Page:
Research Paper Volume 11, Issue 19 pp 8418—8432
mTORC1-Sch9 regulates hydrogen sulfide production through the transsulfuration pathway
- 1 Key Laboratory of Bio-Resources and Eco-Environment of Ministry of Education, College of Life Science, Sichuan University, Chengdu 610064, Sichuan, China
- 2 Laboratory of Molecular Biology, College of Medicine, Chengdu University, Chengdu 610106, Sichuan, China
received: June 22, 2019 ; accepted: September 22, 2019 ; published: October 3, 2019 ;https://doi.org/10.18632/aging.102327
How to Cite
Copyright © 2019 Lyu et al. This is an open-access article distributed under the terms of the Creative Commons Attribution License (CC BY 3.0), which permits unrestricted use, distribution, and reproduction in any medium, provided the original author and source are credited.
Endogenous hydrogen sulfide mediates anti-aging benefits of dietary restriction (DR). However, it is unclear how H2S production is regulated by pathways related to DR. Due to the importance of mTORC1 pathway in DR, we investigated the effects of Sch9, a yeast homolog of mammalian S6K1 and a major substrate of mTORC1 on H2S production in yeast Saccharomyces cerevisiae. We found that inhibition of the mTORC1-Sch9 pathway by SCH9 deletion, rapamycin or myriocin treatment resulted in a dramatic decrease in H2S production. Although deficiency of SCH9 did not alter the intracellular level of methionine, the intracellular level of cysteine increased in Δsch9 cells. The expression of CYS3 and CYS4, two transsulfuration pathway genes encoding cystathionine gamma-lyase (CGL) and cystathionine beta-synthase (CBS), were also decreased under mTORC1-Sch9 inhibition. Overexpression of CYS3 or CYS4 in Δsch9 cells or WT cells treated with rapamycin rescued the deficiency of H2S production. Finally, we also observed a reduction in H2S production and lowering of both mRNA and protein levels of CGL and CBS in cultured human cells treated with rapamycin to reduce mTORC1 pathway activity. Thus, our findings reveal a probably conserved mechanism in which H2S production by the transsulfuration pathway is regulated by mTORC1-Sch9 signaling.
The roles of Hydrogen sulfide (H2S) as a gaseous signal transmitter has been well-appreciated in the last two decades [1–4]. There are many signaling pathways in a range of organisms, from yeast to human, that are regulated by H2S including cell death, the cell cycle, autophagy, inflammation, aging and oxidative stress. Physiologically, H2S plays an important role in protecting the nervous system and the cardiovascular system of animals [5, 6].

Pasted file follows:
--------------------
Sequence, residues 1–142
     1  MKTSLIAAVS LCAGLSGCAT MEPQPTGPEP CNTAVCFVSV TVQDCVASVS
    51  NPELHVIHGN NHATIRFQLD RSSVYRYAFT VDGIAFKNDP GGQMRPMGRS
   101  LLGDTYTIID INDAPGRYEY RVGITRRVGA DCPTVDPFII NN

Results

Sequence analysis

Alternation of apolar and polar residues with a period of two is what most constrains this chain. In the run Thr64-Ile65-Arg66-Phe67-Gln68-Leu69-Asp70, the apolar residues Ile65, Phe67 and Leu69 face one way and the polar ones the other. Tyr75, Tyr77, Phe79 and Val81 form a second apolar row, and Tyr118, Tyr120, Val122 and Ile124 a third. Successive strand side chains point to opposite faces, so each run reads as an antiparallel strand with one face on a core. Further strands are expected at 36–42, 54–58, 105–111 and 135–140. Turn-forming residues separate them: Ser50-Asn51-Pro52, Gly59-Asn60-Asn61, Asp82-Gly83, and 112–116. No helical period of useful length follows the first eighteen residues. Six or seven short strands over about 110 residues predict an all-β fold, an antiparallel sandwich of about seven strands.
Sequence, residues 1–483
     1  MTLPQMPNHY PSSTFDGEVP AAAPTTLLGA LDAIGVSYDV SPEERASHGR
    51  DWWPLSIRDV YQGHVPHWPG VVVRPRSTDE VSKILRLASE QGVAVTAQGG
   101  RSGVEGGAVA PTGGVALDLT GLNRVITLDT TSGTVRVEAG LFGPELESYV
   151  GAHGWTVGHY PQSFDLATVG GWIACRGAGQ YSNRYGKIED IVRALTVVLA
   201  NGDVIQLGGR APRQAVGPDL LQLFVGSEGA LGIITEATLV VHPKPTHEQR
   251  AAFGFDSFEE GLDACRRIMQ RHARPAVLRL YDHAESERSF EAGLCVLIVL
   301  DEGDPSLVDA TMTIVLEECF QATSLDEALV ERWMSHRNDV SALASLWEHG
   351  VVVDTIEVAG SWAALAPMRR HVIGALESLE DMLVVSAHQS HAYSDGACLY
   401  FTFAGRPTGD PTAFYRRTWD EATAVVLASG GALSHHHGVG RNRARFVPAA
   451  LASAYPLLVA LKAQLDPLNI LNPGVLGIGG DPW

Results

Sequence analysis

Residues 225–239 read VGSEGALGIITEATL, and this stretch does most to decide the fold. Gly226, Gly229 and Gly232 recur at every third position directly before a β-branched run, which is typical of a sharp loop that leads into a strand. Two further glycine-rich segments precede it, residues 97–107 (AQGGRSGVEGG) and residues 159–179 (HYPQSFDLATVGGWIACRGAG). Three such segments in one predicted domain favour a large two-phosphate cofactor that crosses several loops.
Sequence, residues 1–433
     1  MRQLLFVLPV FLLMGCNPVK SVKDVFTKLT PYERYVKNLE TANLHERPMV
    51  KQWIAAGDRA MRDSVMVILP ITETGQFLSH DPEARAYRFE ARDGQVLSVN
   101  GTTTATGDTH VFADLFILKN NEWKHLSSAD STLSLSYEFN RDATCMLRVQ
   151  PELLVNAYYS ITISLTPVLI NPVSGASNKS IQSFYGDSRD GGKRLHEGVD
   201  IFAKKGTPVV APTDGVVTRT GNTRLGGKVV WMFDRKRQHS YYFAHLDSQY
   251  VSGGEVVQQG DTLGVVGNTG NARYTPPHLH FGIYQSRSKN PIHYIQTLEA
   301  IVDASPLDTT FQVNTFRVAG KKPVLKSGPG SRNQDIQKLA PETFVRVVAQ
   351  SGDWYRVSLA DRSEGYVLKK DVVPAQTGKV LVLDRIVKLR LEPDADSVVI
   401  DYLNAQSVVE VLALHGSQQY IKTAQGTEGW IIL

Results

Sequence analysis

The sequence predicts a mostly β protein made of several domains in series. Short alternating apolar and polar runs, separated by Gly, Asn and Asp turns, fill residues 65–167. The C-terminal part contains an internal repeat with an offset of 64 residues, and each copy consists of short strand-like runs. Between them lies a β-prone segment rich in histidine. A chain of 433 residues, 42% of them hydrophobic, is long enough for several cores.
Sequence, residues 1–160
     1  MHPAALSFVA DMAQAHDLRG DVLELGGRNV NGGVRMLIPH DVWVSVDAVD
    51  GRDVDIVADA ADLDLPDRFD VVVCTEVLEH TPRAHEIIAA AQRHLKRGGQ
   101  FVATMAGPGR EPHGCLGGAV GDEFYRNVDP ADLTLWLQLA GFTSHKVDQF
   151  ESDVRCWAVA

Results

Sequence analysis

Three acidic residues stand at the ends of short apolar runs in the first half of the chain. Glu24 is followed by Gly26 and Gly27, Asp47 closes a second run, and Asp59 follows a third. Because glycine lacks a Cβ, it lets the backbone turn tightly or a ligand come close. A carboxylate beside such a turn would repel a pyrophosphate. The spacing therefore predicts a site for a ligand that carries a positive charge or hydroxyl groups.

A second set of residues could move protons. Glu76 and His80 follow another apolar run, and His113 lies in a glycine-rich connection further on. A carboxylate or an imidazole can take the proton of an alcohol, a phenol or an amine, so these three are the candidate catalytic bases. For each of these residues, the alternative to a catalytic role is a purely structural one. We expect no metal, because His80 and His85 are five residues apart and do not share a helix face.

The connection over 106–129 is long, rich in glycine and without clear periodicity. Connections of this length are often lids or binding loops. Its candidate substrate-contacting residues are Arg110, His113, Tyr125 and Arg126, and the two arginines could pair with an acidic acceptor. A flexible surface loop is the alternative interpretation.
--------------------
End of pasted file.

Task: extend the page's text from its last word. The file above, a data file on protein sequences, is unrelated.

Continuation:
Endogenous production of H2S is mainly catalyzed by four enzymes involved in cysteine metabolism including cystathionine gamma-lyase (CGL), cystathionine beta-synthase (CBS), cysteine aminotransferase (CAT) and 3-mercaptopyruvate sulfurtransferase (3MST). The production of H2S can be controlled by the expression of these enzymes, the bioavailability of their substrates, and enzyme activity modulating factors . Therefore, the regulation of H2S production is complicated and more studies are required to clarify how it is controlled under physiological or pathological conditions.
Recently it was suggested that endogenous H2S production due to sulfide amino acids restriction is essential for anti-aging benefits of dietary restriction (DR) . Similarly, methionine restriction extends eukaryotic life span probably through a mechanism involved in H2S production as well . Mechanistic target of rapamycin complex 1 (mTORC1) pathway also plays a key role in the anti-aging effects of DR [9, 10]. Inhibiting mTORC1 pathway by rapamycin treatment or by deletion of down-stream signaling components such as SCH9, an homologue of mammalian S6K1 in Saccharomyces cerevisiae and one of direct substrates of mTORC1, mimics DR and provides anti-aging benefits [11–13]. However, it is unknown if the mTORC1 pathway regulates H2S production even though it mediates at least some effects of DR. Since the mTORC1-Sch9 pathway in yeasts responds to DR [14, 15] and is required for protein synthesis and amino acid metabolism [16–18], we sought to determine if mTORC1-Sch9 regulates H2S production via sulfide amino acids metabolism.